Meaning of Courage

What is the meaning of courage?
 
Dictionary definitions:
 
The state or quality of mind or spirit that enables one to face danger, fear, or vicissitudes with self-possession, confidence, and resolution; bravery.
Free Online Dictionary
 
The ability to do something that frightens one.
Strength in the face of pain or grief.
Oxford Dictionaries
 
But what does it mean to you?
 
I was surprised at how, within the same context, my perception of David’s experiences throughout his major surgery and rehabilitation tribulations, including those we shared at the same time, were different than his. Most notably, fear in the face of great affliction, and courage.
 
David was the first to call me on my birthday, December 30, at 12:19 am. He was up, must have been keeping an eye on the time, and called and actually sang me a birthday song. I suppose the month and a half we spent so much time together when he was hospitalized and in rehab further cemented our bond. I became painfully aware of how vulnerable he is as new worries, now about his physical health and well-being, emerged.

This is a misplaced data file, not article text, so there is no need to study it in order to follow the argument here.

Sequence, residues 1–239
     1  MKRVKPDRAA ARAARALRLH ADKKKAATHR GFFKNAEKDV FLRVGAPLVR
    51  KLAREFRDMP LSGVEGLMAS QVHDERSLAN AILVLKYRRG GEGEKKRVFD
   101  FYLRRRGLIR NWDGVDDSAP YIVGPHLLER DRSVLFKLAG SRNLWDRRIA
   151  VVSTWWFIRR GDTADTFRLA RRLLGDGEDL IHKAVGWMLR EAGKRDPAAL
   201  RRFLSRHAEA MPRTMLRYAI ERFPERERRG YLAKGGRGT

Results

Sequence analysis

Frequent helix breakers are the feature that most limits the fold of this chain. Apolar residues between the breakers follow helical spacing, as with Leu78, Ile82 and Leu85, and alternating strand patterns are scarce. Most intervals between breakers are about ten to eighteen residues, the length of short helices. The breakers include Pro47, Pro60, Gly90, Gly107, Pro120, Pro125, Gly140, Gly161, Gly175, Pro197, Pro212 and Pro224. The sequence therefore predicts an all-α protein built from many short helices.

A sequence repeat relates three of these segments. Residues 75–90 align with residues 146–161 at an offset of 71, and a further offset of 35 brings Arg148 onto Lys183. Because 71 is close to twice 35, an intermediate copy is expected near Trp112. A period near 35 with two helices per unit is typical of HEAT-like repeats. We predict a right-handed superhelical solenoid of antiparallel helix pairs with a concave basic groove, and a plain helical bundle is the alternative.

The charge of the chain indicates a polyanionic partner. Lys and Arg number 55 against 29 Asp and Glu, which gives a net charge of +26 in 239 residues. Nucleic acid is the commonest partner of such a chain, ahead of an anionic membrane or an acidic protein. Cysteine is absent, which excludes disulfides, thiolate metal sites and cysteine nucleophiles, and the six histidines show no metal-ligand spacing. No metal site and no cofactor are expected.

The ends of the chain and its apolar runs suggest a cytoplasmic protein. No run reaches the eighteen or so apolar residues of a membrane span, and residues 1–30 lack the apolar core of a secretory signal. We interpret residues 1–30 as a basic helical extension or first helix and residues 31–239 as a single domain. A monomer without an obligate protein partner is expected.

I spoke to David minutes after the new year kicked in. Throughout his travails, I thought David had shown a lot of courage and handled himself well, with dignity, and quiet resolve to undergo surgery and be done with it already.
 
I can’t help but think how scary it must have been during the few hours before surgery up until he was prepped, all alone, in the hands of many hospital personnel and the surgeon upon whom he depended to be able to walk. He was aware — at some level — that absent surgery he might become paralyzed.
 
So, I told him in the wee hours of the morning how proud I was about how he handled the experience and how much courage he had shown. He replied by saying, “I was never afraid” (of the surgery).    
 
Where I had dwelled on the “fear factor”, his courage stemmed from facing an unknown danger. Perhaps there is something to the proverb, “ignorance is bliss.”
 
But as I’ve dwelled on this a bit today, it occurs to me that courage is in the eyes of the beholder. The same experience may or may not be perceived through the same lens in terms of what it means to have courage, and the concept of what it is to have courage may rest on different foundations.
 
If I can dissect something as seemingly simple as “courage”, how incredibly complex must communication be that relies so much on words with symbolic meanings, multitudes of interpretations, and a myriad shades of gray.
 
And now, add the likely innumerable linguistic permutations when we communicate with people who have a mental illness.
 
Roy

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